Why Chinese voters still favour the opposition

by Gan Pei Ling, 28 Nov 2017 © The Malaysian Insight

AT a kopitiam in Pandamaran town, Klang, the owner and his regular customers laughed when asked why local Chinese do not support MCA and Barisan Nasional any more.

To them, the question seemed rhetorical and answers were obvious: The weak ringgit, government mismanagement and alleged corruption and the rising cost of living.

Many Chinese Malaysian voters, who make up 29.68% of the voting population, remain strong in their support for the opposition, as they have since the watershed election of 2008 when BN was denied its customary two-thirds majority and lost four more states to the opposition.

“We don’t care whether it’s a white cat or black cat, as long as it can catch  rats (corrupt politicians and civil servants), it’s a good cat,” said Charlie, an elderly customer at the kopitiam.

He said BN’s mismanagement of the country’s economy, corruption and wastage had led to a weak ringgit, resulting in the people struggling with rising cost of living.

“Our ringgit has weakened significantly compared to the Thai baht and Singapore dollar over the years. We used to be able to get 1,100 baht or more with RM100, now it’s only 770 baht.

“Our exchange rate with Singapore was RM2 to SG$1, now it’s more than RM3! Don’t you think importers and locals who do business with them feel the pinch?” said the retired businessman.

The kopitiam owner, Mark Gor, said few locals bought into BN’s rhetoric that the economy was doing well with its GDP growth, foreign investment figures and upcoming mega projects like the East Cost Rail Link or proposed upgrading of the ports in Klang and Kuantan.

“How much money is actually ending up in the people’s pockets? Everything is more expensive now because of GST (Goods and Services Tax).

“Times are tough for small- and medium-sized businesses. Many kopitiam in Bukit Tinggi (another town in Klang) have closed in the past few years to become hawkers (to save on rent).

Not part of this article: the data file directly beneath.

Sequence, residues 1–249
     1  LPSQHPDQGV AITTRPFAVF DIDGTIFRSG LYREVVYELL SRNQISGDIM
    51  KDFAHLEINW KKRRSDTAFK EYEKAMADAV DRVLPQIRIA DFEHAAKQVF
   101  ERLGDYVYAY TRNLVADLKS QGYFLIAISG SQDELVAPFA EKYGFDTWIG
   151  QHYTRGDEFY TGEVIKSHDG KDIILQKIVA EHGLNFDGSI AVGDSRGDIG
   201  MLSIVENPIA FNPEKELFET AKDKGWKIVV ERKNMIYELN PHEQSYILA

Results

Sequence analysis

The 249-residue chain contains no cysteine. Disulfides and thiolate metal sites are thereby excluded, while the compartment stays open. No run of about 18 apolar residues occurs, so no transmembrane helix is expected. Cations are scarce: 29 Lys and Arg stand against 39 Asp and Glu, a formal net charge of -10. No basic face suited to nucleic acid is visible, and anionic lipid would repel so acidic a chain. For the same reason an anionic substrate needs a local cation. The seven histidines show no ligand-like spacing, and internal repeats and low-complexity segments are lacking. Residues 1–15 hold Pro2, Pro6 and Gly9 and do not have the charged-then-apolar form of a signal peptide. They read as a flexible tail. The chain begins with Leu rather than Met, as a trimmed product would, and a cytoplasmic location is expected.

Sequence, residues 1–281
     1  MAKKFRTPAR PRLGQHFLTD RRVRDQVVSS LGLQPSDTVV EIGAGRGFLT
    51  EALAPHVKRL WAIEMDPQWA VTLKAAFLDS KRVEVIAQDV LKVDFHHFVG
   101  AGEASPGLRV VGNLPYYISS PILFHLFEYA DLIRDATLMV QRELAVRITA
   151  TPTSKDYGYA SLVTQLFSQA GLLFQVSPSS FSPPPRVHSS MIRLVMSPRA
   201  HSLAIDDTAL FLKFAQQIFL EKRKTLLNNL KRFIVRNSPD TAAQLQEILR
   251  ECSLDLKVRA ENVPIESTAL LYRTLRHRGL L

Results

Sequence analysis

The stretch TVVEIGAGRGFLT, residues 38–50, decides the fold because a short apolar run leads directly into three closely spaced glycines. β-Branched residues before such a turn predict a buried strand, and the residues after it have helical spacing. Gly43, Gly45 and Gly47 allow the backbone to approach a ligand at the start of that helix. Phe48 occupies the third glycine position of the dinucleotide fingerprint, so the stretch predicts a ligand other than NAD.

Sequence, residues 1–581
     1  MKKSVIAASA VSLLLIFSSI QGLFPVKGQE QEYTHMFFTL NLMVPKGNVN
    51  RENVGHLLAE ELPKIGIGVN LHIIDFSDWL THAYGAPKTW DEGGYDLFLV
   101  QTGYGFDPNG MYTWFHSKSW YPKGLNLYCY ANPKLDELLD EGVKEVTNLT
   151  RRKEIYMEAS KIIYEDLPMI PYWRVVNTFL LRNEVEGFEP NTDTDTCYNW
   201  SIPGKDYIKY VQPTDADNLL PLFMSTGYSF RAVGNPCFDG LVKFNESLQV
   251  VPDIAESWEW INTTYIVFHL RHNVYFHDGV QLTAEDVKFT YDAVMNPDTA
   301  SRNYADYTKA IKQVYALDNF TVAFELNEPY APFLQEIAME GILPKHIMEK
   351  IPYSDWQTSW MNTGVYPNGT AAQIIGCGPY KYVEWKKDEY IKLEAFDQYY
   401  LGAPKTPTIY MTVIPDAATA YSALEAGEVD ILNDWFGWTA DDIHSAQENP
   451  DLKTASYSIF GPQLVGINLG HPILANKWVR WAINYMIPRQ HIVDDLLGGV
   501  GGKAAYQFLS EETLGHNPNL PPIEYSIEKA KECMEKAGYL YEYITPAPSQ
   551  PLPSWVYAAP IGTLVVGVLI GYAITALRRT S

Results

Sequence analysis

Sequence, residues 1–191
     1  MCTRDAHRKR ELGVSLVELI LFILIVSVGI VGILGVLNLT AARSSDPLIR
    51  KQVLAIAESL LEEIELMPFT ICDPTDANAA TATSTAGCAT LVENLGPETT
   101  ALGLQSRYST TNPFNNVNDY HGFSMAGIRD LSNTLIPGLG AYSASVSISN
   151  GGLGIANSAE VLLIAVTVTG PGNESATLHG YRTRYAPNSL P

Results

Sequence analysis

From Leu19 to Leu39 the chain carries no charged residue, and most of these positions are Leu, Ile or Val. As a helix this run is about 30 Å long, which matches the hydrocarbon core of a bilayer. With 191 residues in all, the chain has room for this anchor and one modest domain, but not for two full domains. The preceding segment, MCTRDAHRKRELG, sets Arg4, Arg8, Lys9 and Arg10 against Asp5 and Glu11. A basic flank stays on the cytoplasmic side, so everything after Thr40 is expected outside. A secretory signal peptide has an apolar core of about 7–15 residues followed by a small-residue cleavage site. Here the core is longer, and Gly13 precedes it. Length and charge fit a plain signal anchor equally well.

“A friend of mine used to have four hardware shops, but had to close three and is now managing with just one.

“Many local construction subcontractors are also out of jobs. He is one of them who hasn’t had work for more than a year (he pointed to a customer seated at another table).

“Even if they are offered work, they are worried if they will get paid,” he said.

MCA still seen as Umno proxy

A combination of factors led to a 40% swing in Chinese support to the opposition in the 2008 polls, including the use of social media and greater political frustration.

This surge in support for the opposition also swept traditional MCA strongholds like Pandamaran, which has been held by the ruling Chinese party since the state seat was created in 1984.

The semi-urban seat in Selangor was abolished after the first two elections and re-established when electoral boundaries were redrawn for the 2004 elections. That year, MCA’s candidate Teh Kim Poo beat DAP’s Tee Boon Hock to clinch the seat.

However, in the 2008 and 2013 electins, Pandamaran voters ditched MCA for DAP. The Chinese-majority opposition party won 63.7% of the votes in 2008 and 68.75% in 2013.

What happened in Pandamaran was reflective of a larger shift among Chinese Malaysians in the 2008 and 2013 elections.

“Usually the Chinese would split their vote for Parliament and state seats. In 2008 and 2013, it was synchronised, with all their votes going to the opposition for both Parliament and state seats,” said Merdeka Center For Opinion Research’s research manager Tan Seng Keat.